The majority leader is a mélange of contradictions—a Machiavelli with malaprops (otherwise known as Reidisms)—but you can’t understand them just from the vantage point of the theater up on Capitol Hill. I’ve seen them revealed over a quarter century of close observation back in Nevada, where Reid, 74, has always been both a study in outperforming expectations and a political fighter with bare-knuckles ambition. Many still puzzle over this—how Reid can be at once a seemingly soulless manipulator of the process while occasionally revealing deeply held beliefs; a religious man proud of his Mormon faith who has metamorphosed into a social progressive; and an outwardly meek, bland figure whose cutthroat ways make him easily the most feared man in Nevada by politicians of both parties.

If there is one thing that Reid has proven in a 46-year political career that started in the Nevada Assembly — a time spanning longer than most journalists who are covering him have been alive (myself included) — Reid may strategically shake up the board for short-term gain, but he always has his eye on the long-game. Yes, if (and when) Sandoval runs against Reid in 2016, we’ll see a Dem (with one or two favors owed?) move into the governor’s mansion. And that’s a much bigger deal than simple party loyalty.

Why? One word: Redistricting.

2010 was bad for many reasons, but perhaps worst among them was the boost it provided to GOP efforts to use gerrymandering to delay their slide into political irrelevance.

The GOP picked up 63 seats in the House and six in the Senate. And that was horrible. But the real damage was done at the state level, where they picked up 680 state legislative seats and 29 of the 50 governorships, including in key states such as Ohio, Florida, Michigan and Pennsylvania. They also held absolute control in half the state legislatures.

Thus, Republicans were able to not just solidify their control of the House, where they maintain a 33-seat advantage despite losing the House popular vote by one point in 2012, but they locked in control of myriad state legislatures.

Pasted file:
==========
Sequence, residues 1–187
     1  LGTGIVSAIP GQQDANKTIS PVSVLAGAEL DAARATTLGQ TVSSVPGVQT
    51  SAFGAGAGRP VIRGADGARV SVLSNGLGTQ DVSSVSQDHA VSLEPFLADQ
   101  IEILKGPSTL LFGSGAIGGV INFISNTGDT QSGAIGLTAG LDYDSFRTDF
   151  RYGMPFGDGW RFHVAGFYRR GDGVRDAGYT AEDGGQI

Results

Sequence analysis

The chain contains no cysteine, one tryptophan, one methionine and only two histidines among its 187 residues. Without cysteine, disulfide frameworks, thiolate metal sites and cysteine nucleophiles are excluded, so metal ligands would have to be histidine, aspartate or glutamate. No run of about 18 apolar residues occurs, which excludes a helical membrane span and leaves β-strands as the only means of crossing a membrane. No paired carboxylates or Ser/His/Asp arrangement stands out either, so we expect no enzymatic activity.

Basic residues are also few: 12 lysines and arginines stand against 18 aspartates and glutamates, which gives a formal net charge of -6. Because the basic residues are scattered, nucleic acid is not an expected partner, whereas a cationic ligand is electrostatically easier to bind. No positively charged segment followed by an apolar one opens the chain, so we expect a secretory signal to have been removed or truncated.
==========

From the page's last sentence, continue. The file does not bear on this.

Nevada’s redistricting process is handled by the Legislature (or the courts, when party-based feuding renders the process moot). If current census estimates hold true — with Silver State population increasing — and if the country’s slow migration south and west continues as projected, Nevada could be an important battleground for red- and blue-state bickering (or gerrymandering). Indeed, depending on how the lines are drawn, Nevada shifts permanently from purple to blue. Just look at how a few lines on a map spell very different outcomes in Colorado.

We haven’t had a Democratic governor in Nevada since Bob Miller’s decade-long run ending in 1999. Assuming Sandoval vacates the office to run for Senate in 2016 and assuming Flores is the LG, she’ll not only move into the governor’s mansion in 2016, but be an incumbent in the 2018 governor’s race. That puts her squarely in position to preside over the redistricting process — including veto power. Perhaps this is the long-game we’re too distracted to notice right now amidst the flurry of interest about Flores entering the LG race earlier this month.

Even if Reid does have an eye toward redistricting, there’s a lot that can happen to his house of cards right now. Reid has proven more than formidable over the years — surviving ridiculous gaffes and younger upstarts before — but perhaps now more than ever what Reid is building or moving toward feels precarious. Only time will tell if his machinations are strong enough to weather the beating they will take over the next two years.